United States District Court, D. Delaware
WILLIAM C. FLETCHER, JR., Plaintiff,
DEPARTMENT OF CORRECTIONS, et al, Defendants.
William C. Fletcher, Jr., pro se
Plaintiff Dana Spring Monzo, Karine Sarkisian, White and
Williams LLP, Wilmington, DE - attorneys for Defendant
Connections Community Support Programs
NOREHLK, U.S. DISTRICT JUDGE.
William C. Fletcher ("Plaintiff or
"Fletcher"), an inmate at the Howard R. Young
Correctional Institution ("HRYCI"),  filed his
complaint pro se on June 2, 2017 against the
Delaware Department of Corrections ("DOC") and
Connections Community Support Programs'
("Connections"). (D.I. 3). He has been granted
leave to proceed to proceed in forma pauper is.
(D.I. 5). Fletcher alleges he was retaliated against by
Connections when it failed to provide him mental health and
medical care following grievances he submitted. (D.I. 3 at 2,
5; D.I. 3-1 at 5-8). After the Court reviewed and screened
the Complaint pursuant to 28 U.S.C. § 1915(e)(2)(B) and
§ 1915A(b)(J), it dismissed the DOC because of its
immunity from suit, but allowed the apparently non-frivolous
and cognizable retaliation claims against Connections to
proceed. (D.I. 13).
before the Court is Connections' Motion to Dismiss
Plaintiffs Complaint for failure to state a claim asserting
that the Complaint fails to allege that it maintained a
policy, practice, or custom that caused the alleged
inadequate medical care. (D.I. 18). The motion was filed with
a supporting opening brief on January 3, 2018. Plaintiff has
not responded. For the reasons set forth herein,
Connections' motion is denied.
motion to dismiss pursuant to Rule 12(b)(6) may be granted
only if, accepting the well-pleaded allegations in the
complaint as true and viewing them in the light most
favorable to the complainant, the Court concludes that those
allegations "could not raise a claim of entitlement to
relief." Bell Atl. Corp. v. Twombly, 550
U.S. 544, 558 (2007); Connelly v. Lane Const. Corp.,
809 F.3d 780, 787 (3d Cir. 2016). "Though 'detailed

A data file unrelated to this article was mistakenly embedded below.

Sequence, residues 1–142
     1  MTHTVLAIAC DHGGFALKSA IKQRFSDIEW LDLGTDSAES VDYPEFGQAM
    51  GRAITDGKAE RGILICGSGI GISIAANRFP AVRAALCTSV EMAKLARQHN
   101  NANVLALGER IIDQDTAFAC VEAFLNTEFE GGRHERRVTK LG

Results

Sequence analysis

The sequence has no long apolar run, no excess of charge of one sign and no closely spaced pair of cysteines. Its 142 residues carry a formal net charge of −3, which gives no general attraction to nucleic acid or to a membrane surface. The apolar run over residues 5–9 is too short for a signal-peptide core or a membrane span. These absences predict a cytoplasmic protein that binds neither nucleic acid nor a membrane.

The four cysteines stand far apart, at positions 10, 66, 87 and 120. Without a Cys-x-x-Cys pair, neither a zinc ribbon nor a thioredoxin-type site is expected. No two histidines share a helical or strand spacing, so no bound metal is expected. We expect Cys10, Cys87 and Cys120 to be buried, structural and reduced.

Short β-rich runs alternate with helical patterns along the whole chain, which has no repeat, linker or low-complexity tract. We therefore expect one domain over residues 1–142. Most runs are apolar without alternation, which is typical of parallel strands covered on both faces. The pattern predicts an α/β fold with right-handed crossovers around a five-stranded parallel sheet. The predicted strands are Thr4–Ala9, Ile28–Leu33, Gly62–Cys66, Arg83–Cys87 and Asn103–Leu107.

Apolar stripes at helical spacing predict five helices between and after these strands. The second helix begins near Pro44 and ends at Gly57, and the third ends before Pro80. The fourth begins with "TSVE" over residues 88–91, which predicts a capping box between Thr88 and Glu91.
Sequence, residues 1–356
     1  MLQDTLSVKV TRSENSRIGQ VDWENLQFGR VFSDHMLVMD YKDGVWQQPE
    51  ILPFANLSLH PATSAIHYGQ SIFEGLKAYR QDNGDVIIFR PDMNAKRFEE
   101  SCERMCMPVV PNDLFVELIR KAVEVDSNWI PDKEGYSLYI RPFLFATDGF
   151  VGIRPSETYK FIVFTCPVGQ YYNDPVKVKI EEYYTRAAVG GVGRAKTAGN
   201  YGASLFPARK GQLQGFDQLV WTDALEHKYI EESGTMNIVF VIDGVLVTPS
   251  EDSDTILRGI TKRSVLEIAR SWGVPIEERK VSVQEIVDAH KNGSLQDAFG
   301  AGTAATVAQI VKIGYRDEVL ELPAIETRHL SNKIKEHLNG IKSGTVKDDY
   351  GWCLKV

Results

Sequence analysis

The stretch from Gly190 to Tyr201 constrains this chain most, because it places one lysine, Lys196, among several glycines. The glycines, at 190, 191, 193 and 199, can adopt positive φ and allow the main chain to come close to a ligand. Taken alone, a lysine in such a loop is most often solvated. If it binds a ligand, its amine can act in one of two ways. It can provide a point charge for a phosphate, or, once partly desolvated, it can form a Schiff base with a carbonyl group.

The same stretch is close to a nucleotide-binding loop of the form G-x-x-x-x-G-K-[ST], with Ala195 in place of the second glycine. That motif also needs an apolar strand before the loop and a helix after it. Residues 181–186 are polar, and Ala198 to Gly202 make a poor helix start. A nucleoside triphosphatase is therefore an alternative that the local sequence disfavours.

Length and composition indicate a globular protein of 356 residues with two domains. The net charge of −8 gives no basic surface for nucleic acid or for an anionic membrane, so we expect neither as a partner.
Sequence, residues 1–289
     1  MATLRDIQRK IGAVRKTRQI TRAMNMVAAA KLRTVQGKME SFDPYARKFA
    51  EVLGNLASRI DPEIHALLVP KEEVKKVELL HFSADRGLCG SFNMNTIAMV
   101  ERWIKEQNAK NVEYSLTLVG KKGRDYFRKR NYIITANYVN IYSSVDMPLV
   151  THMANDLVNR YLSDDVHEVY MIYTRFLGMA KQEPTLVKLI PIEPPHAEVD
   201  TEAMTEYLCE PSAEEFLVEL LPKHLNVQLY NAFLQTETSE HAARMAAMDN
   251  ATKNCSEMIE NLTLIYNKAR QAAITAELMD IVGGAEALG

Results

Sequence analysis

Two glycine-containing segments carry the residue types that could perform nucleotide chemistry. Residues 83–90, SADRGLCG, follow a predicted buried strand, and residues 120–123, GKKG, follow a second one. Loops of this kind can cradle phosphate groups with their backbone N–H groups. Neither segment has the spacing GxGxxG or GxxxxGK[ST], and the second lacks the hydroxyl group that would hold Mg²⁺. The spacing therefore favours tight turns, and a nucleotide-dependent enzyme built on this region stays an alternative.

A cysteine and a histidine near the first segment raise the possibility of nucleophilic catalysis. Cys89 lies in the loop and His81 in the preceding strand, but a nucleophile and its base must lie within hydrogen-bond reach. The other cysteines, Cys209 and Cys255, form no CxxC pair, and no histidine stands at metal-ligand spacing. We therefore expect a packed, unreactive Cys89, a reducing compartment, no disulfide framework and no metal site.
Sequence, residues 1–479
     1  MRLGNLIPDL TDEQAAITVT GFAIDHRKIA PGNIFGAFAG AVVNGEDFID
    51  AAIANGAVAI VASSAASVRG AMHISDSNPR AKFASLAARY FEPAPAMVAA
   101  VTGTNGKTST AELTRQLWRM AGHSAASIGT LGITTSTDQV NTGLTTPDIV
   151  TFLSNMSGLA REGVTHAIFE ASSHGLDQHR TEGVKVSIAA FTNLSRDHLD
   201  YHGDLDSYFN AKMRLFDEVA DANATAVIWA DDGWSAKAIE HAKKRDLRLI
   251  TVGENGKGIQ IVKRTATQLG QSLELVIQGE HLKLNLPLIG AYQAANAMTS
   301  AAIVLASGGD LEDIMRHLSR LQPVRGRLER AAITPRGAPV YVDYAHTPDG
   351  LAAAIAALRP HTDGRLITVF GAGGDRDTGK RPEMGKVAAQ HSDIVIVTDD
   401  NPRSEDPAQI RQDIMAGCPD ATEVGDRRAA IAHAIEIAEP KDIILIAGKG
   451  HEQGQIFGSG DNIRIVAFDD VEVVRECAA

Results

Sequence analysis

factual allegations' are not required, a complaint must
do more than simply provide 'labels and conclusions'
or 'a formulaic recitation of the elements of a cause of
action.'" Davis v. Abington Mem'l
Hosp., 765 F.3d 236, 241 (3d Cir. 2014) (quoting
Twombly, 550 U.S. at 555). "To survive a motion
to dismiss, a civil plaintiff must allege facts that
'raise a right to relief above the speculative level on
the assumption that the allegations in the complaint are true
(even if doubtful in fact).'" Victaulic Co. v.
Tieman, 499 F.3d 227, 234 (3d Cir. 2007) (quoting
Twombly, 550 U.S. at 555). A plaintiff must plead
facts sufficient to show that a claim has substantive
plausibility. See Johnson v. City of Shelby, 135
S.Ct. 346, 347 (2014). A claim is facially plausible
"when the plaintiff pleads factual content that allows
the court to draw the reasonable inference that the defendant
is liable for the misconduct alleged." Ashcroft v.
Iqbal, 556 U.S. 662, 678 (2009). Deciding whether a
claim is plausible will be a "context-specific task that
requires the reviewing court to draw on its judicial
experience and common sense." Id. at 679.
plaintiff relies upon a theory of respondeat
superior to hold a corporation liable, he must allege a
policy or custom that demonstrates such deliberate
indifference. Sample v. Diecks, 885 F.2d 1099, 1110
(3d Cir. 1989); Miller v. Correctional Med Sys.,
Inc., 802 F.Supp. 1126, 1132 (D. Del. 1992). To
establish that Connections is directly liable for the alleged
constitutional violations, Fletcher "must provide
evidence that there was a relevant [Connections] policy or
custom, and that the policy caused the constitutional
violation[s] [plaintiff] allege[s]." Natale v.
Camden Cty. Facility, 318 F.3d 575, 584 (3d Cir. 2003)
(because respondeat superior or vicarious liability
cannot be a basis for liability under 42 U.S.C. § 1983,
a corporation under contract with the state cannot be held
liable for the acts of its employees and agents under those
theories). If, however, the acts of a Connections'